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I've figured out on how to work around the string but I can't seem to get it to work. Maybe it's because of the scanf that I'm using. Please advise :)

#include<stdio.h>
#include<string.h>

int do_palindrome(char *str, int offset){
int ok = 1;
int length = strlen(str);

if(length/2 > 0)
    ok = (str[0] == str[length - 1 - offset])?
            do_palindrome(++str, ++offset):0;

return ok;
}
int main(){
int i = 0;
int ok = 0;
char* str[1] ;

    scanf("%c", str[1]);
    ok = do_palindrome(str[0], 0);
    printf("%s is palindrome? : %d\n", str[0], ok);


printf("Finished!");
return 0;

}
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scanf("%c", str[1]); ? only one char ? you need to input string to check for palindrome, isnt it? –  Anoop Vaidya Dec 14 '12 at 12:53
    
OT: repeating strlen() at every call isn't elegant at all. How about passing remaining length as recursion parameter, instead of the offset ? –  sylvainulg Dec 14 '12 at 12:55
    
Yes, my bad. The program works if I initialize the code such to : 'char* str[] = {"sasaki", "SOS", "12344321", "1234322", "555", "0", "ikki"};' I suppose I should scanf %s to str[0] but that still won't work. –  Amin Husni Dec 14 '12 at 13:00
2  
Nobody will frown if you use indention and code formatting, quite the opposite actually. –  Lundin Dec 14 '12 at 13:06
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4 Answers

up vote 0 down vote accepted
char* str[1] ;

declares an array of one char pointer

scanf("%c", str[1]);

reads a single char but tries to place it beyond the end of your array (C arrays are zero-based).

I think you want to read a string (char array). You can do this using

char str[20]; /* change the array size as required */
scanf("%19s", str); /* read one fewer chars than your array size */
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I thought the char *str[1] is supposed to hold a single string? The program still won't work even if I change it to 20 :( The code only works if I initialize the string but won't work if I scan for a string. –  Amin Husni Dec 14 '12 at 12:55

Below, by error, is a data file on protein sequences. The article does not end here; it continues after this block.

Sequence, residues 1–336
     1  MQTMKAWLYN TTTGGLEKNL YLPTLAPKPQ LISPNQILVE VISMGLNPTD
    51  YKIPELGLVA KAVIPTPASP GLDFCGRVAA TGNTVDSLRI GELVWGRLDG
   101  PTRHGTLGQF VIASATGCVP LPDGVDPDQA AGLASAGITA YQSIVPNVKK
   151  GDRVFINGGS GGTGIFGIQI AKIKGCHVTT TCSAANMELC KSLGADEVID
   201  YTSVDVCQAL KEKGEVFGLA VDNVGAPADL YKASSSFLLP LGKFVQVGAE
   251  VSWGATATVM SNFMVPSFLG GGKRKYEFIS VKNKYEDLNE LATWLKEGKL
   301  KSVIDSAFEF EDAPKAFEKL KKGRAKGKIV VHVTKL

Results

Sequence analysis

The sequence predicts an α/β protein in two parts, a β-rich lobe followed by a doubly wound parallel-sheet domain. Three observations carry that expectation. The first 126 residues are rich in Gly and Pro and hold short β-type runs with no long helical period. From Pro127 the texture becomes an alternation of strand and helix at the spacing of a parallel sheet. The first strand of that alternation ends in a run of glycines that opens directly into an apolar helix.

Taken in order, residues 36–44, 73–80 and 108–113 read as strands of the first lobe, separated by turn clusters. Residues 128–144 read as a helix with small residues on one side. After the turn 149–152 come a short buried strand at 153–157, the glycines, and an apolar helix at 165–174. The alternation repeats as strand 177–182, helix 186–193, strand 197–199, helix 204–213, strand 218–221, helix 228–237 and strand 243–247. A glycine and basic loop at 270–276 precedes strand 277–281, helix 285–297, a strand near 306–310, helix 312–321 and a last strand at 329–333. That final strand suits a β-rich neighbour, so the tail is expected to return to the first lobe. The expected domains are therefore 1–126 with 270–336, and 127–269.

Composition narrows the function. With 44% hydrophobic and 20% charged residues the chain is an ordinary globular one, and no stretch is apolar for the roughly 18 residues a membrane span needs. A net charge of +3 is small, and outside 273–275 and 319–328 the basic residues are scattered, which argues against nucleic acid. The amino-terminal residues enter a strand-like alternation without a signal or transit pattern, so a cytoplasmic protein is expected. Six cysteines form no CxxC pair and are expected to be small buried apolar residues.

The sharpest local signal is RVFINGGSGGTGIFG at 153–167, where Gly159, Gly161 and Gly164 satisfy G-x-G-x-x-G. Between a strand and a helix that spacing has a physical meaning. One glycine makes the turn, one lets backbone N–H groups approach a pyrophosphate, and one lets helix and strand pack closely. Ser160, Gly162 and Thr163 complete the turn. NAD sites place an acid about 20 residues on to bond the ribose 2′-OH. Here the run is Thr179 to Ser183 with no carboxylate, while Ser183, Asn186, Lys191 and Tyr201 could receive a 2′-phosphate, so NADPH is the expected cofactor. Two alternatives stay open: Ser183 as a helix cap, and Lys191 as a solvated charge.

You need to allocate memory to hold a string. You can do this either on the stack - char str[20], or the heap - char* str = malloc(20) –  simonc Dec 14 '12 at 12:59
    
The program works if I initialize the code such to : 'char* str[] = {"sasaki", "SOS", "12344321", "1234322", "555", "0", "ikki"};' I suppose I should scanf %s to str[0] but that still won't work The working original code is here: pastebin.com/Xuyrh9QH –  Amin Husni Dec 14 '12 at 13:03
    
@AminHusni Do you want to handle a single string or an array of strings? Your most recent comment and code like char* str[] give arrays of strings but your program looks like it only needs a single string. –  simonc Dec 14 '12 at 13:08
    
I actually wanted to handle a single string. According to the original 7 string program. I can't seem to grasp the idea of processing a single string instead of 7. I really appreciate your help. –  Amin Husni Dec 14 '12 at 13:10
show 3 more comments

What you're thinking about is the struct hack:

typedef struct {
    char s[1];
} String;

int main()
{
    /* allocate 15 extra bytes for the string */
    String *s = malloc(sizeof *s + 15);

This allows you to declare an array of size 1 and then use it as a variable length, but you still have to give it some memory (via malloc) to use it. Then you can access it via s.

If you want a variable length string, you should malloc the amount of data you need. If you want to do it a little hacky (and if you're going to compile with Gcc) you can do this:

char * str;
scanf("%ms", str);
ok = do_palindrome(str, 0);
printf("%s is palindrome? : %d\n", str, ok);
free(str);
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char* str[10] ;
scanf("%s", str);
ok = do_palindrome(str, 0);
printf("%s is palindrome? : %d\n", str, ok);

You are trying to read a string to char type which is wrong and should be of type string. Also the subroutine call to do_palindrome should contain base address of str than just first character of the string.

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if(length/2 > 0)
    ok = (str[0] == str[length - 1 - offset]) ?
            do_palindrome(++str, ++offset):0;

This statement will run (length - 1) times. When we check for palindrome, we only need to do (length / 2) comparisons. So I suggest to change code to the following:

if (length >= 2 && (length / 2) >= offset) {
    ok = (str[0] == str[length - 1 - offset]) ?
            isPalindrome(++str, ++offset) : 0;
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